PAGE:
Introduction

This is an update of a systematic review1 that examined the effect of biofeedback in training lower limb activities after stroke. Biofeedback is equipment that transforms biological signals into an output that can be understood by the learner, providing information to the learner that is not consciously available. That is, biofeedback takes intrinsic physiological signals and makes them extrinsic, giving the person immediate and accurate feedback of information about these body functions. Biofeedback can be delivered through various senses, such as visual, auditory and tactile systems, and can provide information about the kinematics, kinetics and/or electromyography of activities. Biofeedback is available from medical equipment (eg, electromyography, force platforms and positional devices traditionally used in clinical practice); or from non-medical equipment that is increasingly available and used in stroke rehabilitation (eg, recreational games such as the Nintendo® Wii™). Biofeedback can be used in addition to verbal content; however, it also has the advantage that it can be set up for the patient to use when left to practise alone. However, biofeedback is not commonly used in stroke rehabilitation.2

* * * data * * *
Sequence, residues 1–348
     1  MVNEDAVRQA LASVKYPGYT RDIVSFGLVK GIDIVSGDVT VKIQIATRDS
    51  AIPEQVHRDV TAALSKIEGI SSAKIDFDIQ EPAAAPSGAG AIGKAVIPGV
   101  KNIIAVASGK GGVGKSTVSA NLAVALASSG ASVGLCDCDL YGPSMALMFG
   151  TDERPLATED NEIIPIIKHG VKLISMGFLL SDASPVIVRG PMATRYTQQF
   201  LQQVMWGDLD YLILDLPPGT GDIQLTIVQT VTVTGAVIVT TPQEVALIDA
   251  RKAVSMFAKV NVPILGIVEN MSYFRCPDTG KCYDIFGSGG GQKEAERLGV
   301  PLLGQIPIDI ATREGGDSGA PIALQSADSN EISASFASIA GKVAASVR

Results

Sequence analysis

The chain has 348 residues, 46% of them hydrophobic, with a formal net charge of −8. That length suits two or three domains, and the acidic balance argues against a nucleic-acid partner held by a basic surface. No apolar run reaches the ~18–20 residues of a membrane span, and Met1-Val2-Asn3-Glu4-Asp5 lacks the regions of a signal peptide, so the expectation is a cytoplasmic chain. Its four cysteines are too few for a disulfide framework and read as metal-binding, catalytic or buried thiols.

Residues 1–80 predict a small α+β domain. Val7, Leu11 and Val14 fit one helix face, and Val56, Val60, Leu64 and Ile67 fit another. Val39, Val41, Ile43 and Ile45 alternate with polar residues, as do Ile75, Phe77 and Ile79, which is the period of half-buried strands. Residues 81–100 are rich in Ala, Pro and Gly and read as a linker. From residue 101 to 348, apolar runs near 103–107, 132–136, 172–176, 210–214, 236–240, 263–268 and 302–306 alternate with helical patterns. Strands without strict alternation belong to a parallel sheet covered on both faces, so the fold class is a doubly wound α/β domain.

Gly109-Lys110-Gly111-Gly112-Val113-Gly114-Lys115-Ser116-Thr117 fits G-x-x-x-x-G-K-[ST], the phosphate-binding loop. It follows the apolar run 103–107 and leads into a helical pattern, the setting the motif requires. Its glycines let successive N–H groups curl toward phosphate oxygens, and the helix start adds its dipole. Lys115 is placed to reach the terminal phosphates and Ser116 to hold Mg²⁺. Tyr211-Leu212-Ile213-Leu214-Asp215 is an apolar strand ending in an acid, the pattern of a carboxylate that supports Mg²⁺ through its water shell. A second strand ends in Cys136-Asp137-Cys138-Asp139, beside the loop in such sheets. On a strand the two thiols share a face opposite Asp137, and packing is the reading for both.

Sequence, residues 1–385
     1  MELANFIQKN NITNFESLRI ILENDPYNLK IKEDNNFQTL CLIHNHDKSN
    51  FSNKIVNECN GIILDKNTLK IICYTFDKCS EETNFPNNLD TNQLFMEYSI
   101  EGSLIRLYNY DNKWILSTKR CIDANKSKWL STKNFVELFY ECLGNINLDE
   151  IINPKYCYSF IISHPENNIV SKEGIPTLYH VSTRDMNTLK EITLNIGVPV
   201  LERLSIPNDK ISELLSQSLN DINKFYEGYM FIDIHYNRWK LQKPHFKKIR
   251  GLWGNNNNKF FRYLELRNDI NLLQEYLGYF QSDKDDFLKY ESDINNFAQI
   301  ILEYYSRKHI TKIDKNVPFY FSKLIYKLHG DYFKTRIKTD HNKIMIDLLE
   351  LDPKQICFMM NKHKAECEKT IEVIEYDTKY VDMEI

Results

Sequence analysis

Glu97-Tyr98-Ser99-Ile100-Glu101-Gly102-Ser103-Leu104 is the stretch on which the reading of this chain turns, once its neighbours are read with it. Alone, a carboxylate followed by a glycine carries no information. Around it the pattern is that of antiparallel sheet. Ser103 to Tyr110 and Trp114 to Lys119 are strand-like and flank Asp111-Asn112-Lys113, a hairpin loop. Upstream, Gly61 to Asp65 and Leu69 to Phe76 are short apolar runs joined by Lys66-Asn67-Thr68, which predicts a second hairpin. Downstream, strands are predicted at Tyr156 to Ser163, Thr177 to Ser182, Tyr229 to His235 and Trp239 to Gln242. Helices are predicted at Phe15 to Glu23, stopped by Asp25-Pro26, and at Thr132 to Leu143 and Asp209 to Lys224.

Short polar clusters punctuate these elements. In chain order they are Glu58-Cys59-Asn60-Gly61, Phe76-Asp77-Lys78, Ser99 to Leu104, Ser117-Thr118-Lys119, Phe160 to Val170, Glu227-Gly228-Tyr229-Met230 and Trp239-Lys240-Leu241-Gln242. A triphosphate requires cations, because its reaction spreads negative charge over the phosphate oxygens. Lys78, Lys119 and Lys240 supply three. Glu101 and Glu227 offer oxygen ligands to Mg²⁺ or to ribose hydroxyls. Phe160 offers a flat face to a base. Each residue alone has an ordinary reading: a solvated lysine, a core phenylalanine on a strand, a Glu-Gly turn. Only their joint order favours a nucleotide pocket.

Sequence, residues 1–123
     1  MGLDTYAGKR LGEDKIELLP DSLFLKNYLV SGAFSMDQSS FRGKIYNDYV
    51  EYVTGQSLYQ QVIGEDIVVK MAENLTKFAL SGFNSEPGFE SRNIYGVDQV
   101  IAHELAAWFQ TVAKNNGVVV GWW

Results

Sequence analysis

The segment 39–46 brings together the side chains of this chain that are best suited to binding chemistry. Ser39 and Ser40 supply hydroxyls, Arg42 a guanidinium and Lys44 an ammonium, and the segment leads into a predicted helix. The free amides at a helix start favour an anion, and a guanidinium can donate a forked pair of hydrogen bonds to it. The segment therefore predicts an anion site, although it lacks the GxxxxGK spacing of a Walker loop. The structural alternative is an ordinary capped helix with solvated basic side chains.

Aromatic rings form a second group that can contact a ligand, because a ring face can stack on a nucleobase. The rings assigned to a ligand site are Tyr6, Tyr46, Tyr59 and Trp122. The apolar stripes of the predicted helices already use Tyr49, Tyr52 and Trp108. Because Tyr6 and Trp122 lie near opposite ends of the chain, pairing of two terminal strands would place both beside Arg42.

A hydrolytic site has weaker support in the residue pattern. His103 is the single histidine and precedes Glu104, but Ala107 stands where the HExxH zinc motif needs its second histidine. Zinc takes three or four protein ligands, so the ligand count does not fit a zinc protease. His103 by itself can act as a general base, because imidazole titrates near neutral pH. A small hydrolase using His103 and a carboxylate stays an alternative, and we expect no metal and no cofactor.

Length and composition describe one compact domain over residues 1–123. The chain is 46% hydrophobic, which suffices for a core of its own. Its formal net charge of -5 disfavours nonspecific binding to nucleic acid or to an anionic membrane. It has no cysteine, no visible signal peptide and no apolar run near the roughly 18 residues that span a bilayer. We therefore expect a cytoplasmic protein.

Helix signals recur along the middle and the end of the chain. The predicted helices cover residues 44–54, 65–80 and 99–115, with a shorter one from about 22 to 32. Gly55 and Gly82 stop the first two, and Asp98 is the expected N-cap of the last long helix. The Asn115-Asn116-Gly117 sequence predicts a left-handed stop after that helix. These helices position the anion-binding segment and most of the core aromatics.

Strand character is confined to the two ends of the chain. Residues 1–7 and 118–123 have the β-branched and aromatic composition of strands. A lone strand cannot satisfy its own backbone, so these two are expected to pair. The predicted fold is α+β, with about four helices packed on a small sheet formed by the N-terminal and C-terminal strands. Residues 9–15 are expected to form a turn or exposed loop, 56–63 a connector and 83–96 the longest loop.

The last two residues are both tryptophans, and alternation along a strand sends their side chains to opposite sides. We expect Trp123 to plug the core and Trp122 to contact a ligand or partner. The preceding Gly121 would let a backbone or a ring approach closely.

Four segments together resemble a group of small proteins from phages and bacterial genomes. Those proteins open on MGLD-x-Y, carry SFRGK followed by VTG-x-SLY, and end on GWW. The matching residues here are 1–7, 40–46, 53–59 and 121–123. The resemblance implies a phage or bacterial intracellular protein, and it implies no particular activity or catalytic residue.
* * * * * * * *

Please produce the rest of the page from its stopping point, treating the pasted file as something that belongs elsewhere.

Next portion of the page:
Continue —> Biofeedback improves performance in lower limb activities more than usual therapy in people following stroke: a systematic review

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[WEB SITE] Lower-Limb Robot Exoskeleton Aims to Assist in Gait Rehab – Rehab Managment

Published on October 28, 2016

Researchers from China and Denmark have developed a wearable lower-limb robot exoskeleton designed to help aid the gait rehabilitation of stroke and spinal cord injury patients.